The one advantage the GRC has in its battle against the elements and a fickle material market is its 5,000-square foot building east of the Meyer’s Building that is dedicated to recycling. The building is used to house both the pre- and post-sorted, bailed materials ready for market. A walk-through of the recycling building reveals 300-pound bails of cardboard stacked 15 feet high, three dozen 400-500 pound containers of mixed paper waiting to be sorted and bails of shredded paper.
If need be, during downturns in the market, the building can hold on to materials until prices improve.
“But stuff keeps coming in all the time. We can hold on to it for only so long,” Stanley said.
Stanley admits the profit margin in recycling, even for a program the size of the GRC’s, is a thin one. While he can’t point to a precise financial impact of recycling on the GRC’s garbage bills, Stanley presumes there has to be a correlation between more recycling equaling lower garbage bills for their own facility and most of their clients.
“There has to be, especially in the cardboard,” Stanley said. “We never were throwing away any of our confidential stuff but we were shredding it and we now do it in house. As far as impact on our garbage, there would have to be because we do process quite a bit and we don’t have to pay someone externally to do that for us. It also provides an opportunity for employment.”
The impact of the program on the “environment” is really two-fold for the GRC. Recycling is a break-even endeavor as a business plan. Revenue from materials just barely keeps most programs in the black, financially. Stanley agrees. But the job skills clients learn as part of the program, can’t be measured in any ledger book.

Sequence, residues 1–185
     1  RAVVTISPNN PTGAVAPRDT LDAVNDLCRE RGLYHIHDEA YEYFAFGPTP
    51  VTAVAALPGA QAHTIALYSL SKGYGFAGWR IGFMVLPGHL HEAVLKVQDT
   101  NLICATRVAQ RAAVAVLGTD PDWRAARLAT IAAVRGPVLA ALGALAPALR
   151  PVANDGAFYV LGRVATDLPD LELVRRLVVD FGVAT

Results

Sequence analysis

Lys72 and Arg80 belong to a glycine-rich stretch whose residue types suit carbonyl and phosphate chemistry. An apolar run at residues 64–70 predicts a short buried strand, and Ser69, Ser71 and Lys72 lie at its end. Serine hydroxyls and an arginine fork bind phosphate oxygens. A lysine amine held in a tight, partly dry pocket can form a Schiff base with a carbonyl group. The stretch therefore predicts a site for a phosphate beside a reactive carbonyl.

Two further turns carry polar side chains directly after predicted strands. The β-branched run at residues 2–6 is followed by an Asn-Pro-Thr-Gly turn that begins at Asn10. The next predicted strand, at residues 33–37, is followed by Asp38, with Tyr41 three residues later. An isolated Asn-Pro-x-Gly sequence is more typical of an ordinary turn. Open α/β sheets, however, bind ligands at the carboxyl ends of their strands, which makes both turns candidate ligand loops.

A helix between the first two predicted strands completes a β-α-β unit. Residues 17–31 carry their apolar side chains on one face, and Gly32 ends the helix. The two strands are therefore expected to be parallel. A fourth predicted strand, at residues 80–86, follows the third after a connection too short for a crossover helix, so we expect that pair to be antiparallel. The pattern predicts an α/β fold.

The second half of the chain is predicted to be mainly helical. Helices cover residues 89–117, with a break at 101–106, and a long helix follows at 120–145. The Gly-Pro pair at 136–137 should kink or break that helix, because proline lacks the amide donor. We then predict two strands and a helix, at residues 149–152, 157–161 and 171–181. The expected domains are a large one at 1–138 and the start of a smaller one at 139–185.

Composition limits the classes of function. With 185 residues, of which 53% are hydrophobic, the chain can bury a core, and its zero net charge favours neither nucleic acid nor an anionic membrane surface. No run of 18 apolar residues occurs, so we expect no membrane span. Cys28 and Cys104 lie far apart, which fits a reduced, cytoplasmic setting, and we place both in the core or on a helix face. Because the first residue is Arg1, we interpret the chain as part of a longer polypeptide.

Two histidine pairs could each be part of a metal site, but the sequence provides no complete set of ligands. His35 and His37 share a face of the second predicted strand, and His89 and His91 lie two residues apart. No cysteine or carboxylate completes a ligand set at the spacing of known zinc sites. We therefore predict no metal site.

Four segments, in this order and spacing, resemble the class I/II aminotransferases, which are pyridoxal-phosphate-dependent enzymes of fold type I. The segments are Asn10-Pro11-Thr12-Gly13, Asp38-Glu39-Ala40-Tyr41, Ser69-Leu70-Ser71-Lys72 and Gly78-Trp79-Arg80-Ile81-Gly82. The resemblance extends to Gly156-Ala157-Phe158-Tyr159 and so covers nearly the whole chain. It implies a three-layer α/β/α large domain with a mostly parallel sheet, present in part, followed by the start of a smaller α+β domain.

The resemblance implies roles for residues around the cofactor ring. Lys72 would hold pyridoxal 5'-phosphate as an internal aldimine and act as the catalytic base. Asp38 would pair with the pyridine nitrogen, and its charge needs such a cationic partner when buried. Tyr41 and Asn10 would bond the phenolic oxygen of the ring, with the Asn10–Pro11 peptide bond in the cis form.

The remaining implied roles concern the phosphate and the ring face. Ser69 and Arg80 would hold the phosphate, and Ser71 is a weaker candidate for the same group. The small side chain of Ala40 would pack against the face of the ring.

“The recycling is just one part. We’re providing work for our residents where they live and work. That’s valuable in itself,” he said.
The Redemption Center located on South Chestnut Street in Glenwood has a similar business model to the GRC, and has shown success in recycling aluminum cans, plastic bottles and glass while providing vocational training. The Redemption Center works in conjunction with the Pacific Place Work Activity Center.
Clients, who have varying degrees of developmental disabilities, come from Pacific Place and sister facility, Park Place to do the recycling sorting. Clients work on a conveyor belt where materials are sorted by type (aluminum, glass or plastic) and by vendor (Pepsi and Coca-Cola, etc.). They sort approximately 25,000 bottles and cans per week.
“Each product has to be sorted into different bags so the clients have to know each vendor and product so when the trucks come each week they’re already sorted,” Redemption Center Manager Angie Johnson said.
The facility, which opened a year after the GRC program, currently contracts with more than a dozen businesses in Glenwood, Malvern, Pacific Junction, Tabor and others to provide pick-up of materials. Some offices have bins set aside for recyclables, others, like the Casey’s General Stores in Glenwood and in Tabor, have a container besides their building for bottles and cans.
“Each business has a designated area we pick up from,” Johnson said. “It’s never the same (with each business). Some keep them in the back room or the basement, some have a little shed.”
Much like the GRC’s program, trucks service the route five days a week, but each business sets their own pick-up time and day.
The center currently employs 15 clients. While hours vary by client, for most, it is a full-time job.
“This is their job. They come here Monday through Friday,” Johnson said. “Most work inside on the conveyor belt to sort. One (client) goes out with the route driver every day to pick up from the businesses.”